Last Updated: January 12, 2023, 15:04 IST
The World Bank in its report titled Navigating the Storm projected India’s GDP growth rate at a robust 6.6 per cent in financial year 2023-24 (FY24) from its earlier projection of an estimated 6.4 percent in 2022-23 (FY23) and cited limited spillover to Asia’s third-largest economy from a global slowdown.
However, it also mentioned that India’s economy is at a better place compared to other emerging countries’ growth. The Bank projected that the downturn in the global economy and growing unpredictability would have an impact on export and investment growth in India.
However, growing government spending on infrastructure and different business-friendly initiatives will attract private capital and assist the growth of manufacturing capacity. It is anticipated that growth will decrease, reaching 6.6 percent in FY23/24 before reverting to its potential rate of a little above 6 percent. Of the seven largest EMDEs emerging markets and developing economies, India is predicted to have the fastest growth rate.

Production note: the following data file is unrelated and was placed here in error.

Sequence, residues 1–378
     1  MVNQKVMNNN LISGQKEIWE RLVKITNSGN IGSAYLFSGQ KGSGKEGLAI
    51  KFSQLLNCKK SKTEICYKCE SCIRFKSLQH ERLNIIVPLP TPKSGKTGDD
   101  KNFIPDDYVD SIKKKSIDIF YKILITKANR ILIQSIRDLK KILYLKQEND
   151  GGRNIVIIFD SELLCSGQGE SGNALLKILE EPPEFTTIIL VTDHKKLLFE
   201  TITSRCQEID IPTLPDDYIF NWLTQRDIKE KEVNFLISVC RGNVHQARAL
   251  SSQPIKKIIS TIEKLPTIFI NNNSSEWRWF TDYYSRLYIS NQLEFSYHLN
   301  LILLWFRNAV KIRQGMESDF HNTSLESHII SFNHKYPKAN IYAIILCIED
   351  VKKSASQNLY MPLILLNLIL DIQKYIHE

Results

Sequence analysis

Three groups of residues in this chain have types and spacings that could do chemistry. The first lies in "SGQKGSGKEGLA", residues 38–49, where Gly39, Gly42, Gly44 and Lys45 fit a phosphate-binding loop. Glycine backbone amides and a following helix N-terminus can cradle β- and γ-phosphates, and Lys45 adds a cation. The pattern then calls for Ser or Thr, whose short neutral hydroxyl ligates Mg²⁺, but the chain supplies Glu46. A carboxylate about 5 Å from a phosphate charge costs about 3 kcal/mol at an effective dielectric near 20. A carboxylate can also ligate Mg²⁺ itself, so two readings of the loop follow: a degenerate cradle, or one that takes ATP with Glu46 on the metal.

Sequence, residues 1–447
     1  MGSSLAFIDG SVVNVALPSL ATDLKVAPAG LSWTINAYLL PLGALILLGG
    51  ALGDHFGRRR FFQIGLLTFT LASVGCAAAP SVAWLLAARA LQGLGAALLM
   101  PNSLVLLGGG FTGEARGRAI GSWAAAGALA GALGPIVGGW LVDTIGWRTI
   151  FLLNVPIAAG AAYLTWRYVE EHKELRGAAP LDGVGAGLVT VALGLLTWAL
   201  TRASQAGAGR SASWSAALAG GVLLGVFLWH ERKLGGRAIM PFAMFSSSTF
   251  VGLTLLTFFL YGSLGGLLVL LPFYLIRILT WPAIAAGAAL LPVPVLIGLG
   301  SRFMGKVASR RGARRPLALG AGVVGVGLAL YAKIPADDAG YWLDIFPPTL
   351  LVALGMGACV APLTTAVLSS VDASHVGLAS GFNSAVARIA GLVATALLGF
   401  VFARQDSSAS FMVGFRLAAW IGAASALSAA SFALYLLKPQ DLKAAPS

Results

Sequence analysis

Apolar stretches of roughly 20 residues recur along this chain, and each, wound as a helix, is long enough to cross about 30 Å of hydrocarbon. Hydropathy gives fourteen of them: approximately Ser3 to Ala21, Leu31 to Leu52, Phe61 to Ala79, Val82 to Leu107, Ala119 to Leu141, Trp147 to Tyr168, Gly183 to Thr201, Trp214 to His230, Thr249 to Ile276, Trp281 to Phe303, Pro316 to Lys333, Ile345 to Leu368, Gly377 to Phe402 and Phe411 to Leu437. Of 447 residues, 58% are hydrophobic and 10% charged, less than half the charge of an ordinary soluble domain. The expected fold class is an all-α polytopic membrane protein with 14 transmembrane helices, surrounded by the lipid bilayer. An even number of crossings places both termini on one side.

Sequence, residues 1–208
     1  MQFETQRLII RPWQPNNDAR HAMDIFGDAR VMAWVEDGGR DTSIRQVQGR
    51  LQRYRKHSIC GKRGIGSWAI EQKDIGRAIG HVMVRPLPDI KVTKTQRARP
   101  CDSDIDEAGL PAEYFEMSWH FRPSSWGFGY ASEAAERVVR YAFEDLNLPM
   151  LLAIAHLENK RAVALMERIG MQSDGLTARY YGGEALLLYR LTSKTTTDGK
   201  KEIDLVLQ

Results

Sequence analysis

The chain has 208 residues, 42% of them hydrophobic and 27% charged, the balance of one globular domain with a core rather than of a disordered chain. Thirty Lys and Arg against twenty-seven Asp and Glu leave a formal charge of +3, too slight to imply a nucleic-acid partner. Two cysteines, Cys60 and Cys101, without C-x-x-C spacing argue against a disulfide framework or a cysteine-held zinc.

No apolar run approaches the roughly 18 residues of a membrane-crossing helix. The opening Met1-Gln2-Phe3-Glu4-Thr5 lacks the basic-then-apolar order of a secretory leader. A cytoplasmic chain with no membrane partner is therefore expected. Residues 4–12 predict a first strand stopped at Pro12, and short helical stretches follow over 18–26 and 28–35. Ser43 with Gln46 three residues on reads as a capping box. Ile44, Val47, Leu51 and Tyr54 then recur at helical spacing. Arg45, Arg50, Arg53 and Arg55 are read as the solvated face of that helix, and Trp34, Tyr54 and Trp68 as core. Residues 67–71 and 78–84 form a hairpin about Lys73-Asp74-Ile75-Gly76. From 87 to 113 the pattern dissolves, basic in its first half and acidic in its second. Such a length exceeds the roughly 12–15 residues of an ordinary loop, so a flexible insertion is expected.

The World Bank in its report released in December 2022, said that the growth worldwide will decelerate in 2023. It further cautioned that the world economy is perilously close to recession. The World Bank observed that it is the first time in 80 years that the world has undergone two global recessions within a decade. The report has mentioned reasons that could further push the global recession, higher inflation, even tighter policy, financial stress, deeper weakness in major economies, or rising geopolitical tensions.
On the other hand, the report has mentioned that the global economy will grow at a slow pace of 1.7 percent in 2023. Surprisingly, the report mentioned that the Euro Area will grow at zero per cent and the United States at 0.5 per cent during the year. In 2023, it is predicted that China’s growth will accelerate to 4.3 per cent as pent-up consumer spending is liberated as a result of the easing of pandemic restrictions. Except for the pandemic year of 2020, China is anticipated to have expanded at a 2.7 percent annual rate in 2022, which would be the worst growth rate since the middle of the 1970s.
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